Also, like North Dakota, if a remote seller exceeded the 200-transactions test under the previous law, which was effective from October 1, 2018, through March 14, 2019, then that remote seller may still have established economic nexus for that period.
Apart from amending its “substantial nexus” thresholds, the bill also did the following:
- Eliminated click-through nexus.
- Beginning on July 1, 2019, the bill also eliminates the notice and reporting requirements that were created under the 2017 marketplace fairness laws.
- The definition of “seller” was amended to include “marketplace facilitators” and “marketplace sellers.”
- When calculating whether a marketplace facilitator meets the $100,000 gross receipts threshold, the marketplace facilitator must include its own receipts, as well as gross receipts from all marketplace sellers through the marketplace facilitator’s marketplace.
- Beginning on October 1, 2018, marketplace facilitators must collect and remit sales tax if they exceed the economic nexus thresholds, regardless of whether the marketplace seller also has a collection responsibility. And, beginning January 1, 2020, the collection obligations of marketplace facilitators also applies to other taxes and fees imposed on a retail sale made or facilitated by the marketplace facilitator.
- Finally, beginning on January 1, 2020, the bill also amended the economic nexus threshold for the B&O tax by lowering it from $267,000 to match that of sales tax at $100,000 gross receipts. The bill also eliminated the property and payroll factors for purposes of B&O tax apportionment.
Other States’ Legislative Updates Related to Economic Nexus for Remote Sellers
- Nebraska – On March 21, 2019, Nebraska enacted Legislative Bill 284, which codified its economic nexus thresholds for remote sellers of $100,000 or 200 separate transactions. Nebraska’s registration and collection responsibilities are effective April 1, 2019.
- North Carolina – On March 20, 2019, North Carolina enacted S.B. No. 56, which codified its remote seller thresholds of $100,000 or 200 transactions, as established in Directive No. SD-18-6.
- Kansas – On March 25, 2019, Governor Kelly vetoed S.B. 22, which would have adopted economic nexus thresholds for remote sellers, among other things.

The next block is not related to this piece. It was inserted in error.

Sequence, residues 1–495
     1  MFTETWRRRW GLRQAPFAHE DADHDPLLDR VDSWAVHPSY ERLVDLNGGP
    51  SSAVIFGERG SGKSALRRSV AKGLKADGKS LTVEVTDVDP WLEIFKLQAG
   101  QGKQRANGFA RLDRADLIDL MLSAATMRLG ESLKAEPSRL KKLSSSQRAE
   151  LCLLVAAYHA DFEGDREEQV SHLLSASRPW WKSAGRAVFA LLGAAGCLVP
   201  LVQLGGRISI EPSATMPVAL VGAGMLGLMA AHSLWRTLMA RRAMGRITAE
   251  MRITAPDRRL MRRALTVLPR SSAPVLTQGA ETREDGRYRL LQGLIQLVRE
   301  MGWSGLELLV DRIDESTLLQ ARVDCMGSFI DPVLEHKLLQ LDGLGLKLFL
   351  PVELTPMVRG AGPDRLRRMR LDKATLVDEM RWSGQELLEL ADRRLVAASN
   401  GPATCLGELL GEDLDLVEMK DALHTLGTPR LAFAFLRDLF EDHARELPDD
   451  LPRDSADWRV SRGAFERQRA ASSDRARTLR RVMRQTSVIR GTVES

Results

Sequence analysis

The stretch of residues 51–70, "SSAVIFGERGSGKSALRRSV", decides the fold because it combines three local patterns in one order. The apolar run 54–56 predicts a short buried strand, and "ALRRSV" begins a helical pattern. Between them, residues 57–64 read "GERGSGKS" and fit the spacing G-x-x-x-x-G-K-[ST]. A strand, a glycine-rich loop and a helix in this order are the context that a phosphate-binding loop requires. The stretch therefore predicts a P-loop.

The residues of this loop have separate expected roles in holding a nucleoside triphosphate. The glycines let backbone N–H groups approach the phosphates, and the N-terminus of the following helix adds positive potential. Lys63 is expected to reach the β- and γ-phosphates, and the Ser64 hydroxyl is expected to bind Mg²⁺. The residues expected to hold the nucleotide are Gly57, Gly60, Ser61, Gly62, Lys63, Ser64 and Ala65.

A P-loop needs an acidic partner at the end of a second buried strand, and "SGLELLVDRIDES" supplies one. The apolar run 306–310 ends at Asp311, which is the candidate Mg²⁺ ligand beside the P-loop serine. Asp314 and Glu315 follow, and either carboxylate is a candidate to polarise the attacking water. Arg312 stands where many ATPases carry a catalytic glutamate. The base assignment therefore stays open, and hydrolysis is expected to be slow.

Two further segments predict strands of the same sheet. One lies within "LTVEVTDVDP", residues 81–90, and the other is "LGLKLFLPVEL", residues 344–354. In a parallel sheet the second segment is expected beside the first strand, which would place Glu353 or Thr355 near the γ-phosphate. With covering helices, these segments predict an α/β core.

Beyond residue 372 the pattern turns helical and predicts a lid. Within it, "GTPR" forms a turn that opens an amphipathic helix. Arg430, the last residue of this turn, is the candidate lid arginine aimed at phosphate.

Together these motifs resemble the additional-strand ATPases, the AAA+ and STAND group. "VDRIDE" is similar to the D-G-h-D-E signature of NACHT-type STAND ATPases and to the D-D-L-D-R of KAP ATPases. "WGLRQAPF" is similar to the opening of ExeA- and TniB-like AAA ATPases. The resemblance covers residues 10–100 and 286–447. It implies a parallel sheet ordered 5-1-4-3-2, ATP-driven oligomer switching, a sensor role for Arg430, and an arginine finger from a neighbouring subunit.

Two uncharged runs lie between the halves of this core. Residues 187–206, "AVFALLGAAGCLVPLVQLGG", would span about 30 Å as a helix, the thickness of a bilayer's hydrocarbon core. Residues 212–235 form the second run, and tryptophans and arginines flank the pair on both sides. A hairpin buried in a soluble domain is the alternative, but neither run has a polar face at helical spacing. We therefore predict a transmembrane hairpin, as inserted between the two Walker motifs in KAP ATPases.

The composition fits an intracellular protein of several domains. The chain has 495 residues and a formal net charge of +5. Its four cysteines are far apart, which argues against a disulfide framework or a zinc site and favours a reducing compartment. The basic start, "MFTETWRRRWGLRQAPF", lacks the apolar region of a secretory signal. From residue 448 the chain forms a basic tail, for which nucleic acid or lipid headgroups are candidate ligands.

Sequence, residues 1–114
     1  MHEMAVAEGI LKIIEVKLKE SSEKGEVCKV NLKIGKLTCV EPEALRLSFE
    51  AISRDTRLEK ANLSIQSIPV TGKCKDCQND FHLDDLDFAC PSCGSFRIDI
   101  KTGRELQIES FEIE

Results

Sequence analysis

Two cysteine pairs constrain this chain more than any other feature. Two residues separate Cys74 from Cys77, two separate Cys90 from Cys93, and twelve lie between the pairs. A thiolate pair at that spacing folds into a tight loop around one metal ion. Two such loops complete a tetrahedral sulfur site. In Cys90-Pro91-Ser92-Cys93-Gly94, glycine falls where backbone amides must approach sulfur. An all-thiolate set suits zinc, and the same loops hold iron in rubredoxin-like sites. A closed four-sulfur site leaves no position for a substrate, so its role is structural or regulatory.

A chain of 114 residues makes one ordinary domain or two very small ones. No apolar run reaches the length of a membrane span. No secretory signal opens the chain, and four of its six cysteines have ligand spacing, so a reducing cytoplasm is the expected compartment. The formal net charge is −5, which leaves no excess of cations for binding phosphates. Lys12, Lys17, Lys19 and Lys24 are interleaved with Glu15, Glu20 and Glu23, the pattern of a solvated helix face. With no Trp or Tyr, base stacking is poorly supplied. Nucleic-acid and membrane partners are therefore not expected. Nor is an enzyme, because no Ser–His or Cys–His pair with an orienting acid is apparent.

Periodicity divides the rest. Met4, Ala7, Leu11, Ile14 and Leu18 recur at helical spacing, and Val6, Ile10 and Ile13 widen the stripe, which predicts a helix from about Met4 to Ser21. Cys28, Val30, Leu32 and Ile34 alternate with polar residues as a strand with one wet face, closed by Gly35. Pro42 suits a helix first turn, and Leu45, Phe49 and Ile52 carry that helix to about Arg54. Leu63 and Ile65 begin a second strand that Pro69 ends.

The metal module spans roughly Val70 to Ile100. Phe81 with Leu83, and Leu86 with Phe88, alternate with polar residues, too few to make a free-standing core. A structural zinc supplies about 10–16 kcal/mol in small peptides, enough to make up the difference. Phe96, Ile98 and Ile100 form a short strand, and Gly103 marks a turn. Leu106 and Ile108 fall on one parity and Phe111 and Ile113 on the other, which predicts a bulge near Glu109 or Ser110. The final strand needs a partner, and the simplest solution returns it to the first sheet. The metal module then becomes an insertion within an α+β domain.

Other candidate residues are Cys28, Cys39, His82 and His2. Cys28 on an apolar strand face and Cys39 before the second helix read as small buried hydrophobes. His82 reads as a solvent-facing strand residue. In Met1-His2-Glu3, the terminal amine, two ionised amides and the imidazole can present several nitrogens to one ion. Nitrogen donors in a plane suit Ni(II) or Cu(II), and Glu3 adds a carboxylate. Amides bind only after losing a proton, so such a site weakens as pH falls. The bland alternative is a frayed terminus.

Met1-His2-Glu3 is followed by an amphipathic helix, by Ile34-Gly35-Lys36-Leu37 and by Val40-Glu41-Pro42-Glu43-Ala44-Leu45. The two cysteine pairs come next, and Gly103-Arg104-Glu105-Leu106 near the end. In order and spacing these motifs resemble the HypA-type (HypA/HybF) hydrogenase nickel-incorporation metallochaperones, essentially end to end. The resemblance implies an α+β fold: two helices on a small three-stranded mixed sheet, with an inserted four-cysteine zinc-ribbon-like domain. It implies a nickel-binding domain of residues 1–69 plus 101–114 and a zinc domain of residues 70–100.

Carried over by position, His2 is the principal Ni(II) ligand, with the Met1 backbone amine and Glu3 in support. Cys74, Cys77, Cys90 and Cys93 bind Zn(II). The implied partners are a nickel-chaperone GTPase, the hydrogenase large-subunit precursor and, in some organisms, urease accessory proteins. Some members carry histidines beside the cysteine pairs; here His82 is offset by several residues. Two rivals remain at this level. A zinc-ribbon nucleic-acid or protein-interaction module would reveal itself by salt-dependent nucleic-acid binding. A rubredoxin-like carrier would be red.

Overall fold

- Rhode Island – On March 29, 2019, Rhode Island enacted S.B. 251 Sub A, which updated its economic nexus laws to include “marketplace facilitators,” with thresholds of $100,000 or 200 separate transactions. It also eliminates the option of remote sellers to comply with notice and reporting requirements, in lieu of sales tax collection.
- The thresholds discussed in this article only apply to remote sellers that do not have physical presence in that state. If the seller had physical presence in a state before exceeding that state’s economic nexus rule, the seller may still have nexus for sales tax purposes. In that scenario, the seller should perform an exposure analysis and consider mitigation strategies, such as voluntary disclosure agreements or amnesty programs.
- In states like North Dakota and Washington that eliminated their 200-transactions test in 2019, be aware that for previous periods, a remote seller may have met the states’ economic nexus thresholds by exceeding 200 transactions. The previous law that has now been amended is still effective and applicable to those prior periods. And, establishing nexus in 2018 could potentially create a trailing nexus issue for a remote seller in 2019, even if that seller does not otherwise meet the $100,000 threshold.
- Various other states have proposed legislation to adopt (e.g., Idaho), codify administrative guidance, or modify, economic nexus thresholds for remote sellers. For example, Oklahoma introduced a bill that would increase its threshold from $10,000 to $100,000, while Georgia introduced a bill that would lower its threshold from $250,000 to $100,000. There has also been a trend by state legislatures to introduce bills related to marketplace facilitators.